In the study in the November Nature Medicine, the team from the MGH and the Howard Hughes Medical Institute at Washington University School of Medicine in St. Louis describes its finding that treatment with the anti-cancer drug doxorubicin (DXR) causes mouse oocytes or egg cells to undergo apoptosis or programmed cell death. Apoptosis is a natural process that usually involves the elimination of unneeded or worn-out cells from the body. The researchers also confirmed the involvement of several participants in a known cell-death pathway in the DXR-associated death of oocytes and discovered that another common pathway for the destruction of tumor cells is not involved in oocyte death.
"It's been known for years that women treated with chemotherapy become infertile, but we've never known what the mechanisms were," says Jonathan Tilly, PhD, associate director of the MGH Vincent Center for Reproductive Biology, the paper's senior author. "While this research is a long way from clinical application, we hope it will lead us to ways of selectively short-circuiting the cell-death pathway in ovarian cells."
In the first stage of the project the researchers exposed mouse oocytes to doses of DXR equivalent to levels seen in the blood of patients treated with this drug. They observed changes in the cells characteristic of apoptosis, such as shrinkage and fragmentation. In contrast, fertilized mouse oocytes exposed to DXR reacted differently, by halting the process involved in the growth and reproduction of cells.
The process of cell death is known to involve the sequential activity of several genes and their protein products in a cascade eventually leading to the cell's destruction. The researchers looked at several of these known molecular signals for apoptosis and found several indications of their activity in DXR-induced death of oocytes.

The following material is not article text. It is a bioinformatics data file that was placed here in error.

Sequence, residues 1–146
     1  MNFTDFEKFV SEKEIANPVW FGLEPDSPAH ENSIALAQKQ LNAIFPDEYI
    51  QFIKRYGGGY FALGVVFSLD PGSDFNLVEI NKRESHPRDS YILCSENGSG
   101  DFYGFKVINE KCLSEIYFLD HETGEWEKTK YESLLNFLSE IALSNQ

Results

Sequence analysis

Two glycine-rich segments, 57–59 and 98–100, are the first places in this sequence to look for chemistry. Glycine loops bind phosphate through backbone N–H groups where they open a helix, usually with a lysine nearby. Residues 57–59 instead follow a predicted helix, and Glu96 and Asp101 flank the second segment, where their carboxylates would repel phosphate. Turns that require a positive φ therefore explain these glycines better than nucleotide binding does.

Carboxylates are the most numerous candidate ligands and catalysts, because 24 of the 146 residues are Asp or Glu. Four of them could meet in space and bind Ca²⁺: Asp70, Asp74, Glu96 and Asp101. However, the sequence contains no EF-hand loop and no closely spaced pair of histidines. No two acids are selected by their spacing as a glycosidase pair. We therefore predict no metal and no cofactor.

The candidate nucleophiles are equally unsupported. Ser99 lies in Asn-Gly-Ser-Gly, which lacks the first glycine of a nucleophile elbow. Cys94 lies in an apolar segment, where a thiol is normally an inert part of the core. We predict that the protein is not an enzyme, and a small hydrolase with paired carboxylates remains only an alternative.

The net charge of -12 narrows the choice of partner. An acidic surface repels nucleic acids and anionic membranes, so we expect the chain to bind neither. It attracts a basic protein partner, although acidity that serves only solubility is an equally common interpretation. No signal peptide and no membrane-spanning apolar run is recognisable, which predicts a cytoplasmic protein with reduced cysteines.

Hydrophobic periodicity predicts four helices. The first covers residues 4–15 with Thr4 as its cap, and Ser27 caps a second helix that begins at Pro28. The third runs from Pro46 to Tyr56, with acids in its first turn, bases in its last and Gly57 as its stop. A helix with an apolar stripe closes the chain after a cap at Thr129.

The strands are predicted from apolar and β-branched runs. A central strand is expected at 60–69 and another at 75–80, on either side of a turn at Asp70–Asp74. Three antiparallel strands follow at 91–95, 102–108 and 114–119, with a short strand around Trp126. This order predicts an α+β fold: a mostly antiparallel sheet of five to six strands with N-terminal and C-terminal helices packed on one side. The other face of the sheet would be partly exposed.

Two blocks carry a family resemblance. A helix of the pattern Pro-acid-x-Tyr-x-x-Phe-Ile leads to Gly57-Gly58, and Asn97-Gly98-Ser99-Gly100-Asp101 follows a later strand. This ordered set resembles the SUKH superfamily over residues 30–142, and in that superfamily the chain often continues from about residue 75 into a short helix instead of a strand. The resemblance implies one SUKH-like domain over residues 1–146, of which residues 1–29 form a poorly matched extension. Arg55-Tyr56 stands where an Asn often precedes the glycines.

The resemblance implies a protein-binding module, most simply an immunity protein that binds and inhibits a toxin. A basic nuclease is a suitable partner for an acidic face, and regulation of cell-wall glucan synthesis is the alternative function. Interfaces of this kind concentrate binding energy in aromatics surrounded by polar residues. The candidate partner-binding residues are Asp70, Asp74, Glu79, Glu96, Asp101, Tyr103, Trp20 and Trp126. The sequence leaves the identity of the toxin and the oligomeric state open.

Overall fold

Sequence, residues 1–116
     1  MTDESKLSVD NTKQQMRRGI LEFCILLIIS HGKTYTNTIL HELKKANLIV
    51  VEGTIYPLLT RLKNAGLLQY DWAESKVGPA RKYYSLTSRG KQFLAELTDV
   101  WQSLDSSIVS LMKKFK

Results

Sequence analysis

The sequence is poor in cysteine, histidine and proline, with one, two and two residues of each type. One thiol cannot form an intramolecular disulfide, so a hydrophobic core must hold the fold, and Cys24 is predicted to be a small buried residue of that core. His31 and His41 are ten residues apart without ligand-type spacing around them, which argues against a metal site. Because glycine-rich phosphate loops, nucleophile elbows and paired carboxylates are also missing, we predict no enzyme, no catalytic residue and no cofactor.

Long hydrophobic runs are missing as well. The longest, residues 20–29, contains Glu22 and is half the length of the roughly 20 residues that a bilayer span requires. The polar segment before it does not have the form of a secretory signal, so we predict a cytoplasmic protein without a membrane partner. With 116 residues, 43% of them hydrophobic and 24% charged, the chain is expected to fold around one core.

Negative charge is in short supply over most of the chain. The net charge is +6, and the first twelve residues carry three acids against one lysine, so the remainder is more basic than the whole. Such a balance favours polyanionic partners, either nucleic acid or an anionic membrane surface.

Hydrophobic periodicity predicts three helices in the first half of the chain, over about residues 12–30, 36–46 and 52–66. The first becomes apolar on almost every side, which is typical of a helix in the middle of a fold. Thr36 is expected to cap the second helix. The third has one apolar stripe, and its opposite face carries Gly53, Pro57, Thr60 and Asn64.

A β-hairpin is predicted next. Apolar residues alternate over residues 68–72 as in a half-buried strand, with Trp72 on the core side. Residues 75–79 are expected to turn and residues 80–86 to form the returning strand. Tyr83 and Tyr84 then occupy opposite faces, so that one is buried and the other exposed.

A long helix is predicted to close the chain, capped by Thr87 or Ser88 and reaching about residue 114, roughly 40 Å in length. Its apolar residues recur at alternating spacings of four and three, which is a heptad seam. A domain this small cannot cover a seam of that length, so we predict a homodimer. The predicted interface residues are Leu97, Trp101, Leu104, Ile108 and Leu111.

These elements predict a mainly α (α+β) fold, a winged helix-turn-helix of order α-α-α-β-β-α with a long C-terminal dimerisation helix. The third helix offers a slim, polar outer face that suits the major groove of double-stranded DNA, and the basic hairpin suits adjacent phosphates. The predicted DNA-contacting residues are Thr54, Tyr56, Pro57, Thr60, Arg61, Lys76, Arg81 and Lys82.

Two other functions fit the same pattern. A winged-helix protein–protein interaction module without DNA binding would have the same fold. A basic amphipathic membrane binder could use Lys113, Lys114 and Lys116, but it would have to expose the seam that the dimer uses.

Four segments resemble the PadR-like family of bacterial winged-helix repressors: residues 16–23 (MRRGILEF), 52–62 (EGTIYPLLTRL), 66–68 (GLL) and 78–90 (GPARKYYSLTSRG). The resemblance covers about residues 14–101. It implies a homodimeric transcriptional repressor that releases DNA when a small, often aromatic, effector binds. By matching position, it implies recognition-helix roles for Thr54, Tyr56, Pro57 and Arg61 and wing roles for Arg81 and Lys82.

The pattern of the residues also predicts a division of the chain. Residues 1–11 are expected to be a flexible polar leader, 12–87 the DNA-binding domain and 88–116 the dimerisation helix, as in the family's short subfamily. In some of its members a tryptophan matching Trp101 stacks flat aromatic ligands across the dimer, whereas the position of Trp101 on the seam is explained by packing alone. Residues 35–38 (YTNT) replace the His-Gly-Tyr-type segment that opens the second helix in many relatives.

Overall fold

One of the signals initiating the cell-death process involves the molecule ceramide, and the team found that use of a substance known to inhibit ceramide signaling prevented the death of oocytes exposed to DXR. They also found that eggs from mice with a mutation in a cell-death-promoting gene called bax (part of a key group called the bcl-2 gene family) were almost completely resistant to DXR-induced apoptosis. Inhibition of the activity of proteins called caspases, which function as cellular executioners by snipping apart other proteins, also inhibited apoptosis in DXR-treated oocytes.
All three of these signals -- ceramide, Bax and caspases -- are involved in the same pathway leading to cell death. "I often describe it as though the cell is traveling along a network of roads that can lead either to cell death or to cell survival, which in the case of oocytes would mean continued fertility," says Tilly. "The signals early in the process, such as ceramide, are like neighborhood streets along which the cell travels slowly and has a lot of ways to get off the cell-death route. When it reaches the 'Bax boulevard,' it's traveling faster, and by the time a cell reaches the 'ICE interstate' [ICE is a specific caspase protein] there are very few 'off ramps' that would prevent it from reaching the point of apoptosis. While we want to speed cancer cells along this route, we'd like to provide the oocytes with a detour to survival."
The cell-death process also can be initiated by the activity of p53, a key tumor-suppressor protein. The researchers found, however, that oocytes from mice with a disruption in the gene for p53 responded normally to DXR treatment by undergoing apoptosis, indicating that p53 is not part of the pathway leading to DXR-induced apoptosis in these cells. This finding suggests that anti-cancer drugs that depend on the activity of p53 might successfully destroy tumor cells without damaging oocytes.
Improved understanding of chemotherapy-induced oocyte death also could lead to new knowledge about the normal death of these cells that occurs throughout a woman's life -- starting before birth and eventually leading to menopause when the supply of eggs is finally depleted.
Tilly's coauthors include Gloria Perez, DVM, PhD, first author, and Lucy Leykin, PhD, of the MGH, and Michael Knudson, MD, PhD, and Stanley Korsmeyer, MD, at Howard Hughes/Washington University.